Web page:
No one knows what happened to this suitor, but Jerusha Howe's heart was broken; yet remained resolute. She never gave up hope, pined away for him, and never married anyone else, as she waited patiently for him to return. While she continued to live her life, enjoying her music abilities, tending to her duties, her love life was frozen in time. She needed counseling with a good therapist, but that wasn't an option during her time. After spending 44 years of living / working in the house, She died a single lady, whose spirit still waits for the love of her life, having fun teasing the living males who visit, and seeing after others as well while waiting.
Secret Drawer Society - Since the 1900's ghostly experiences with Jerusha have been written down in notes and stuck into drawers in the rooms and in other crannies found in the Hotel. While Jerusha likes to hang out in rooms 9 and sometimes 4, she has been experienced all over the Hotel. Evidence of her citrus-scented perfume, her piano playing, the feeling of her presence, being touched by her and seeing her actual apparition has been occurring here for a very long time indeed. The three rooms which were Jerusha's living space were located over the kitchen. They were made into one room, now Room 9.
1) Personal Room Visits... Jerusha Howe:
The three rooms which were Jerusha's living space were located over the kitchen. They were made into one room, Room 9, when the new hall was finished. She occasionally visits other rooms as well, to check on her guests.
a) A male guest shares, "Around 5 am she came into my room, sat at the foot of my bed, and a few moments later, walked in front of my bed (she looked like a small strip of green light) disappeared in front of the door." (Web-site link to this personal testimony.)
b) On the stairway which winds up to the 2nd floor where her living quarters were located, the living have experienced "A haunting, faintly perfumed presence and a light, swift step on the narrow, twisting stairway." (Web Page Story) c) Room 4 - Located above the famous parlor in the first addition. In room 4, artist / writer Victoria Shearer was treated to a spectral light show. (Web Page Story)
2) She sometimes forgets her social manners and gets a little affectionate with male visitors:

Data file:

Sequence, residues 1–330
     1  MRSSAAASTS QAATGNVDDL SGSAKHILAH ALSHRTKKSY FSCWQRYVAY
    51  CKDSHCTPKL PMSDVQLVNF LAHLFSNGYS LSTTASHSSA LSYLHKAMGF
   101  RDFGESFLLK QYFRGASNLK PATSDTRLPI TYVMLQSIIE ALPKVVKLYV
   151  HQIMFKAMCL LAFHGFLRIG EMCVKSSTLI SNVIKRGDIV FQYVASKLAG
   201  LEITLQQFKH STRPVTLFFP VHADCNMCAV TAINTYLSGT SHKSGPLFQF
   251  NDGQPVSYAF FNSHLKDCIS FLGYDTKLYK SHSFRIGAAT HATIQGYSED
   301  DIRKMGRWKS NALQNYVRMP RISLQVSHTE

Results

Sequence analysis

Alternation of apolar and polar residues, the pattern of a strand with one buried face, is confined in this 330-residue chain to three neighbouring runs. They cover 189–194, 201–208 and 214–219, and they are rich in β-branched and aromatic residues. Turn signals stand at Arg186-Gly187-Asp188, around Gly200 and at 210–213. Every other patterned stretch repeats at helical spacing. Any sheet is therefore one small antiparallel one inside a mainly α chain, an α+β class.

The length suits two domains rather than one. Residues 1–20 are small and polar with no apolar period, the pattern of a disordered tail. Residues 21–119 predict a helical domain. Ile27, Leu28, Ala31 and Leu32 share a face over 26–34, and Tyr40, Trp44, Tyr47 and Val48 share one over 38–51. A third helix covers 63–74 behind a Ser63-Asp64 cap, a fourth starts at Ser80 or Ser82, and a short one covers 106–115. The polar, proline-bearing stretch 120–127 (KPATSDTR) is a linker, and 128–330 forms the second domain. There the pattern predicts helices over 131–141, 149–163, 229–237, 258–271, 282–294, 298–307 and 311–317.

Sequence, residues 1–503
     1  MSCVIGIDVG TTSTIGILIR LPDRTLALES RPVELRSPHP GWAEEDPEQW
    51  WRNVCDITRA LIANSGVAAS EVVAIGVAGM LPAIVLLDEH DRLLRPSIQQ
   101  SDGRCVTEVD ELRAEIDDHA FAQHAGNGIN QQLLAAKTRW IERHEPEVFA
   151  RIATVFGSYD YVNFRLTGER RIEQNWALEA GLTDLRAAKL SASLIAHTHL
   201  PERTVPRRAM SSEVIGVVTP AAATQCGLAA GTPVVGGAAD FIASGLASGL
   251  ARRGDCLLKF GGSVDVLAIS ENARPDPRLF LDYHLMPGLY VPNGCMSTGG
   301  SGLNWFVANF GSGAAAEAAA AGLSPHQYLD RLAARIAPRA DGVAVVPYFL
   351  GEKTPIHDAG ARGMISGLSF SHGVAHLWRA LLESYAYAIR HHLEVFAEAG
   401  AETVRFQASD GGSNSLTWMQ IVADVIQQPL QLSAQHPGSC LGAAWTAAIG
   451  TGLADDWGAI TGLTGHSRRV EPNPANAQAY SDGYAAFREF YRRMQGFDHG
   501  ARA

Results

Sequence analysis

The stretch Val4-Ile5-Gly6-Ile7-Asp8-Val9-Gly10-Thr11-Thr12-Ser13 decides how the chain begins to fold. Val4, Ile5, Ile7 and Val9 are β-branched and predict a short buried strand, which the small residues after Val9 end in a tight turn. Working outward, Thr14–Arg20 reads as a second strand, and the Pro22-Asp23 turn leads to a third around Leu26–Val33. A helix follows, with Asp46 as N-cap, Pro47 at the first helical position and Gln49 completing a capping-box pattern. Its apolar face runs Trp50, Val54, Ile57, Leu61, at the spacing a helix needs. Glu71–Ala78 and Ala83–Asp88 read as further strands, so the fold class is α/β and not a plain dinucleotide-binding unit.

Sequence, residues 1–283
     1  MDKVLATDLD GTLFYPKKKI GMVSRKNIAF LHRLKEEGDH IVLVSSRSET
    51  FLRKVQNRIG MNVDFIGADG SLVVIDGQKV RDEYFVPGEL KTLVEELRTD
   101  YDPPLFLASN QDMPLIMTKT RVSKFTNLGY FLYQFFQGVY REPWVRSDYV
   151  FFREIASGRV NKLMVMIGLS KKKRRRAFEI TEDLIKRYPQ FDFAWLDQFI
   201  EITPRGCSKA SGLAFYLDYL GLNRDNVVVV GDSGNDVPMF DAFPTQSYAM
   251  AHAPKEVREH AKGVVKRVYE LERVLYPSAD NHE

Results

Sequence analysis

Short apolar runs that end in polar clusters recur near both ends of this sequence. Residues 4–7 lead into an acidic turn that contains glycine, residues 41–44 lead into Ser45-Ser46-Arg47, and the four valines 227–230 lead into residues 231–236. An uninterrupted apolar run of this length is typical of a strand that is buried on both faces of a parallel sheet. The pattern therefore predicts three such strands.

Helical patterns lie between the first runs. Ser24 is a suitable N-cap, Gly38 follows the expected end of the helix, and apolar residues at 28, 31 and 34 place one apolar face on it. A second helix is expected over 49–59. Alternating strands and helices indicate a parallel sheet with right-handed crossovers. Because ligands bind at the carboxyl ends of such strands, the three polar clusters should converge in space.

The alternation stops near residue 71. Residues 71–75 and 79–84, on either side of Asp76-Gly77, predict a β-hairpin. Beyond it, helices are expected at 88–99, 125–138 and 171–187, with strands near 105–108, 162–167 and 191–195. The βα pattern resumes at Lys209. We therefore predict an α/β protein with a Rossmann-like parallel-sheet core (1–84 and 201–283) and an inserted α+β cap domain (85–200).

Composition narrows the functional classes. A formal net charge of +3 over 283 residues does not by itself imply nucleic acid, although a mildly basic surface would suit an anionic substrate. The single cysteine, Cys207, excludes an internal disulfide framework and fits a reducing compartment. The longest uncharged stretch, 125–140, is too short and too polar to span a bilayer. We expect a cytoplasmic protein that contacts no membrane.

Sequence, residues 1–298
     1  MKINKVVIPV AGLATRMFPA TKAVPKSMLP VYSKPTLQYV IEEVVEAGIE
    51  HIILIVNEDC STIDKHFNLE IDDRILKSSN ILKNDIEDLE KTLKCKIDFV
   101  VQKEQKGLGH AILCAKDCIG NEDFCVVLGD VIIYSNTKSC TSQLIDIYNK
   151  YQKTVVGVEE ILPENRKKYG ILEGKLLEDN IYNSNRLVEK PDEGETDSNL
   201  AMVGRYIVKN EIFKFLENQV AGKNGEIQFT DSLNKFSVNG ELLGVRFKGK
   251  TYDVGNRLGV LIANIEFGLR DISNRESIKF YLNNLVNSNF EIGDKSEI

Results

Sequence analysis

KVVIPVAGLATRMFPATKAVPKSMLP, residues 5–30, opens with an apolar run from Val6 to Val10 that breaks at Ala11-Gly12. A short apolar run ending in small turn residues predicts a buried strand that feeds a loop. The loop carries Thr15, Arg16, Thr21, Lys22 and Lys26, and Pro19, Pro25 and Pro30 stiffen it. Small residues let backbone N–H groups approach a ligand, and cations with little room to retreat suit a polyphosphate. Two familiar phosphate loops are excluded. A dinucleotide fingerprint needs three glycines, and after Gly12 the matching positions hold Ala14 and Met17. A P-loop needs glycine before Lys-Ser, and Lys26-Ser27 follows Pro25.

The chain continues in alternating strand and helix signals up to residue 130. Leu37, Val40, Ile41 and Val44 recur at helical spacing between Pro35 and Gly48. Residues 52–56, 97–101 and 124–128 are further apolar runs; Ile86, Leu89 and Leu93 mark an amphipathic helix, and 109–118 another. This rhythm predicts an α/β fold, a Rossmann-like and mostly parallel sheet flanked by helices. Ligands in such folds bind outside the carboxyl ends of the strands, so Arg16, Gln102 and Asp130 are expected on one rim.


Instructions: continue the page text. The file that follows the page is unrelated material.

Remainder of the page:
a) Some male visitors claim to have been caressed and gently touched by Jerusha in an alluring fashion.
b) She has been known to climb into bed with an unsuspecting male visitor on occasion for a brief time, perhaps giving him an affectionate hug!
3) When the Hotel is empty of visitors, the piano piece, Copenhagen Waltz, can be plainly heard by the living, perhaps coming from her old piano. - hauntedhouses.com
The October 1862 visit to the old Howe Tavern by Henry Wadsworth Longfellow and his publisher, James Fields, would have a far reaching impact on the literary and artistic significance of America's oldest hostelry. Longfellow made the defunct Sudbury tavern the gathering place for the characters in his 1863 book Tales of a Wayside Inn, and because of the poet’s immense popularity, generations of readers, poets, and artists would seek out the colonial landmark for decades to come.
After the death of the last Howe innkeeper in 1861, the homestead operated as a boarding house for itinerate farmers and other temporary guests. But Longfellow penned such a vivid portrayal of the Howe tavern and its innkeeper—the Landlord of the Tales—he captured the public's imagination. The day-trippers who visited the tumble-down structure were only shown a few scantly furnished rooms, but that did not slow the near-daily rush of tourists.
The first printing of his Tales sold out in a single day, and curious literati flocked to the once great inn and tavern just to catch a glimpse of the poet's muse. For over 30 years the old Howe Tavern would subsist as a homestead and boarding house but simultaneously known as the place made famous by Longfellow. Years before the Inn's name was actually changed, people began referring to the old Howe property as Longfellow's Wayside Inn. While local apothecaries and general stores sold souvenirs bearing images of the veritable landmark with its new nickname, it wasn't until 1897 that the Inn's cultural and commercial relevance was fully recognized.
Edward Rivers Lemon was a wealthy antiquarian and wool merchant from Medford, Massachusetts. His purchase of the Howe property in 1896 was newsworthy, as Boston papers announced his intention of making his new business venture a "mecca for literary pilgrims." Lemon's wanted to attract people to South Sudbury as a summer retreat, emphasizing its age-old traditions as well as its artistic and literary history. It was Edward Lemon who officially renamed the Howe Tavern Longfellow's Wayside Inn and went as far as to arrange for the Society of Colonial Wars to gather at the inn in 1897, where historian and orator Samuel Arthur Bent gave his speech "The Wayside Inn—Its History and Literature." - wayside.org